Photographs and Text ©John P. Walsh
Above: Clodion, The See-Saw, 1775, terracotta. Toledo Museum of Art (Toledo), November 2012.
Frédéric Bazille, Self-portrait, 1865-66. The Art Institute of Chicago (AIC), May 2015.
Heads, Female Diety; Bodhisattva; Buddha, stucco, Afghanistan/Pakistan, before 500 C.E. AIC, May 2015.
(From left) Gabriele Münter, Kirche von Reidhausen, 1908, oil on canvas board; G. Münter, Girl with Doll, 1908-09, oil on cardboard; August Macke, Geraniums Before Blue Mountain, 1911, oil on canvas. Milwaukee Art Museum, September 2016.
AIC, September 2015.
AIC, August 2015.
Bill Reid, Birth of the World, Museum of Anthropology, UBC, Vancouver, British Columbia, September 1993.
Mikazuki (male deity) Noh Mask, Japan, 16th century, cypress wood, colors, brass. AIC, August 2015.
Aristide Maillol, Enchained Action, bronze, 1905, AIC, August 2015.
AIC, May 2016.
Charles Collins, Still Life with Game, 1741. Private collection, May 2015.
European Decorative Arts, AIC, August 2015.
Roman Venus, Asia Minor, marble, c.165 CE., Toledo, November 2012.
Charles Ray, Young Man, 2012, Solid Stainless Steel, AIC, September 2015.
Michel Anguier, Amphitrite, marble, 1684. Toledo, November 2012.
James C. Timbrell, Carolan the Irish Bard, c. 1844, oil on canvas. Private collection.
The Dressing Table, William Glackens, c.1922, oil on canvas. Snite Museum of Art, Notre Dame, Indiana, September 2012.
From right: Kees van Dongen, Woman with Cat, 1908, and Quai, Venice, 1921; Gabriele Münter, Portrait Young Woman, 1909. Milwaukee Art Museum, September 2016.
Oil jar, Athens, Greece, terracotta, 450 B.C. AIC, 2015.
Lorado Taft, Fountain of the Great Lakes, 1913. South Garden, AIC.
Henry Moore, Large Interior Form, bronze, 1982. North Garden, AIC.
Henry Moore’s 16-foot sculpture was made when the 84-year-old British artist was concerned with the construction of three-dimensional space, internal forms within solid volumes, and placing his work in a natural setting.
Moore had worked primarily in stone but as these formal concerns emerged, he shifted to modeling and bronze casting.
Large Interior Form explores mass and void as well as gravity and growth within a nature-inspired artist-created form.
Berthe Morisot, Woman in a Garden, 1882-83, AIC, September 2013.
Auguste Rodin (1840-1917), Adam, 1881. Bronze. AIC, May 2014.
Modern Wing, AIC, June 2014.
North Garden, AIC, November 2017.
WiFi hotspot, AIC, September 2015.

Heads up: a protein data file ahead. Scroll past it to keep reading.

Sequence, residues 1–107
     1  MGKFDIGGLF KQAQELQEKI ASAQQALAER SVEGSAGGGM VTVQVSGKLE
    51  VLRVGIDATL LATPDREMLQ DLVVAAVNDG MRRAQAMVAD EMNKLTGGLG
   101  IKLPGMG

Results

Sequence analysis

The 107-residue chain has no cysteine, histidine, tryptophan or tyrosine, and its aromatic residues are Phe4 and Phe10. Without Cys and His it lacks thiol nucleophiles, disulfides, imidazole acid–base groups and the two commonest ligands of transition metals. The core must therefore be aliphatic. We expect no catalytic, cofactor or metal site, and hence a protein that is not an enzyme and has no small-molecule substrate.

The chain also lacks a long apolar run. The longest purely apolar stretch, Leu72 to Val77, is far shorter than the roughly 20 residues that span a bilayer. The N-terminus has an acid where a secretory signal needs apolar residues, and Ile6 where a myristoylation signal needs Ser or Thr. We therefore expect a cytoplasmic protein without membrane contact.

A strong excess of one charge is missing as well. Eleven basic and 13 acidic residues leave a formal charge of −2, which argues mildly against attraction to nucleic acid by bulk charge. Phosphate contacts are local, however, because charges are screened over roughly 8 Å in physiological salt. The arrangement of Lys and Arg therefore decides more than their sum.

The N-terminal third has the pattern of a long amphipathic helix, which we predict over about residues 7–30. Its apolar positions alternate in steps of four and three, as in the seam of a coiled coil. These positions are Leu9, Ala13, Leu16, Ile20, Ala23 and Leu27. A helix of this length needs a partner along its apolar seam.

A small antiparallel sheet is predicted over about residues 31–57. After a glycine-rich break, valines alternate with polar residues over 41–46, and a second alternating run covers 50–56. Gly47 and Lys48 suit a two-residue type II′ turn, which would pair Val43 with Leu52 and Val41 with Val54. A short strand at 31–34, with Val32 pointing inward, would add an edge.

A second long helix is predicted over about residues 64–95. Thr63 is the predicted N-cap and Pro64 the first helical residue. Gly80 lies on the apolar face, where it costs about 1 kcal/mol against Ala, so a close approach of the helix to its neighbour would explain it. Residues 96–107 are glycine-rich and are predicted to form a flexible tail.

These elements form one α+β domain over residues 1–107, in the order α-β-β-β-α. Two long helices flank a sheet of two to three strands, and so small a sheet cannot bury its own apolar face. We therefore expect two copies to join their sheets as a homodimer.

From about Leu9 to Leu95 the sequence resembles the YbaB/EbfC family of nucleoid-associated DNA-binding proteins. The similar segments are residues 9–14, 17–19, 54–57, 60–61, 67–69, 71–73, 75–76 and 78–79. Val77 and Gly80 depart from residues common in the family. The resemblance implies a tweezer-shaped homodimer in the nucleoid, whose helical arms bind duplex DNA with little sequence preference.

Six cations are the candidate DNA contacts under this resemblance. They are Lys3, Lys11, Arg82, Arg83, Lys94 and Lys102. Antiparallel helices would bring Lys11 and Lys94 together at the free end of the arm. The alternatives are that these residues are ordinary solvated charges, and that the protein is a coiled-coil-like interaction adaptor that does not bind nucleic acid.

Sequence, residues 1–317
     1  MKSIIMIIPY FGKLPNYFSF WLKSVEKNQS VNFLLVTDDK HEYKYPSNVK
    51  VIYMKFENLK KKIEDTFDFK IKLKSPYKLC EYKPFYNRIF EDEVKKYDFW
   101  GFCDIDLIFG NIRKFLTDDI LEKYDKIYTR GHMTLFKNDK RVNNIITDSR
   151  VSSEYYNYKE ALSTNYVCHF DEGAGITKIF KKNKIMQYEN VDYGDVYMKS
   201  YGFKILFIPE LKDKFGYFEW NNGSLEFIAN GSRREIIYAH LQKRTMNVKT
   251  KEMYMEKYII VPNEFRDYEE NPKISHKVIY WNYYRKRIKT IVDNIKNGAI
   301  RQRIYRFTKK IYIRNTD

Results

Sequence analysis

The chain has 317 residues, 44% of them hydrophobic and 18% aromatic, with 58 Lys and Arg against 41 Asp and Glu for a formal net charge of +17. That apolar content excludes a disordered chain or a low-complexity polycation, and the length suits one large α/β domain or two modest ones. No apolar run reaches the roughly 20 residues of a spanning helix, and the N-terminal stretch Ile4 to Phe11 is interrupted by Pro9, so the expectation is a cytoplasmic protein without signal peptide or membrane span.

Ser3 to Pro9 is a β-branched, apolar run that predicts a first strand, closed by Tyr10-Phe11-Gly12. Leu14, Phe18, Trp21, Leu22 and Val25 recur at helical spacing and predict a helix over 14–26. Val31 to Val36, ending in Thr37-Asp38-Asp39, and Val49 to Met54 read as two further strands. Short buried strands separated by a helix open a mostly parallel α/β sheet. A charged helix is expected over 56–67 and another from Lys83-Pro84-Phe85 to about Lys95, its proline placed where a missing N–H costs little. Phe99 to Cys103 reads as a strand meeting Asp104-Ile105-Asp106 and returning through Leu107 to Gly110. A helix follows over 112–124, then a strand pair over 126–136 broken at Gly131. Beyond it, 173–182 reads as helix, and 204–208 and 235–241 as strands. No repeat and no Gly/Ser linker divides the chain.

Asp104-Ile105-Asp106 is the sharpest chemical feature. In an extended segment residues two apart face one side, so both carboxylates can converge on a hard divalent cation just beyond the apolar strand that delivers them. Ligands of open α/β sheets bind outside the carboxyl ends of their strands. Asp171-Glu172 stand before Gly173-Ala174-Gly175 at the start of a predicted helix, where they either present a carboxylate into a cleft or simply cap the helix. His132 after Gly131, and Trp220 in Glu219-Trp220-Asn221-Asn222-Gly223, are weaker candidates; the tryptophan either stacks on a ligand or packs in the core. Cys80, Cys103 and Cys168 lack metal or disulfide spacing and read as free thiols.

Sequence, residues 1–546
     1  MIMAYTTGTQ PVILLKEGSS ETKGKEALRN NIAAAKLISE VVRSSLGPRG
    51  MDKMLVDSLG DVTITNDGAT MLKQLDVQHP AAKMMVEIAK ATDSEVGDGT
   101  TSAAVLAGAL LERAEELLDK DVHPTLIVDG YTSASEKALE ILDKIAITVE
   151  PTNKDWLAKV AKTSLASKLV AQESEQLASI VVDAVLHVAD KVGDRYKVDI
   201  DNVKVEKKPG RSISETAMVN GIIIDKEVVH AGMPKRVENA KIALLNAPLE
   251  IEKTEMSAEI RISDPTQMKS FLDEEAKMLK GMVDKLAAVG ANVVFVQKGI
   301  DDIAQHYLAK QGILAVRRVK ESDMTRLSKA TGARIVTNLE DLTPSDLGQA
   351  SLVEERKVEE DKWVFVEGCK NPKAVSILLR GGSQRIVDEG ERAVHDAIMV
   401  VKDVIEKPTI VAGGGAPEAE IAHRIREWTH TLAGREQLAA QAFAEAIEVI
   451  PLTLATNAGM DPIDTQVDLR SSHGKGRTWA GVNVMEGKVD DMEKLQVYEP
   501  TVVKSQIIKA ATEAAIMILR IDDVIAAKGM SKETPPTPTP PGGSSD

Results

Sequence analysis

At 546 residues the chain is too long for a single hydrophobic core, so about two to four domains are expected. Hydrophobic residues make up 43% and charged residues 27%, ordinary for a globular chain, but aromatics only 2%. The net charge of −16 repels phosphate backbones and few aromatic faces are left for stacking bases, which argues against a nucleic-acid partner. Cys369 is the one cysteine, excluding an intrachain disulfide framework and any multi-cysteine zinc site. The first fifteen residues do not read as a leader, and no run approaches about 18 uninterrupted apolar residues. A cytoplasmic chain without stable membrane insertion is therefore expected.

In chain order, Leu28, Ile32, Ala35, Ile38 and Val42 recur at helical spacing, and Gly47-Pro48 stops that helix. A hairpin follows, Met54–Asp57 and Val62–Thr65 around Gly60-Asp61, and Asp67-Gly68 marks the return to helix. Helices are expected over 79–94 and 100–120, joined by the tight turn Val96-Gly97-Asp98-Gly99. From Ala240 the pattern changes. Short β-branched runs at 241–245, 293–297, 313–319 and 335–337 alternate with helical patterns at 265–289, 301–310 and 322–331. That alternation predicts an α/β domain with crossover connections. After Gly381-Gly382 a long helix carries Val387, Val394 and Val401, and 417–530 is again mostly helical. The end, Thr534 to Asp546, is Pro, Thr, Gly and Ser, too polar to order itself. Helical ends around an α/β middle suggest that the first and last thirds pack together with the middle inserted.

Edgar Degas, Spanish dance (c. 1883), Arabesque (c. 1885), Woman seated in an armchair, (c. 1901), cast in bronze later, AIC, May 2015.
Paris Street; A Rainy Day (“Rue de Paris, Temps de pluie”), 1877, Gustave Caillebotte, AIC, May 2015.
Alexander McKinlock Memorial Court, Triton Fountain, bronze, 1926, AIC, August 2015.
Swedish sculptor Carl Milles (1875-1955) studied in Paris from 1897 to 1904, working in the studio of Auguste Rodin (1840-1917). Yet Milles departed from the prevailing naturalism that dominated sculpture in the Belle Époque era, and embraced ideas and forms that reflected the artist’s independent spirit, his knowledge and appreciation of classical and Gothic sculpture, and his Nordic roots. Speaking of the fountain, Milles observed: “The great classicists knew that it was impossible to reproduce the appearance of flesh in marble, and they set themselves to create forms of pure beauty that would merely suggest and symbolize the living creature, and then to invest those forms with a meaning that mankind would feel intuitively to be universal and significant. This is what I have tried to do.”
African headdresses. The Art Institute of Chicago. September 2015.
The headdresses at the right and at the left are Gelede headdresses. The headdress in the center is perhaps a Gelde or Efe headdress. The headdress at left, made of wood, is the oldest of the three headdresses, made in Nigeria or Benin by the Yoruba community, in the late 19th/early 20th centuries.
Gelede headdresses often portray women as the headdresses in the center and at right do– one depicting a woman wearing a head tie and the other showing a woman with a plaited hairstyle. These were made in Nigeria by the Yoruba community in the first part of the 20th century.
The Gelede festival of the Yoruba community in western Africa is a public spectacle which uses colorful masks that combines art and ritual dance to educate, entertain and inspire worship. Gelede includes the celebration of “Mothers,” a grouping that includes female ancestors and deities as well as the elderly women of the community whose power and spiritual capacity in society is convoked. The Efe is a nighttime public performance held the day before the Gelede.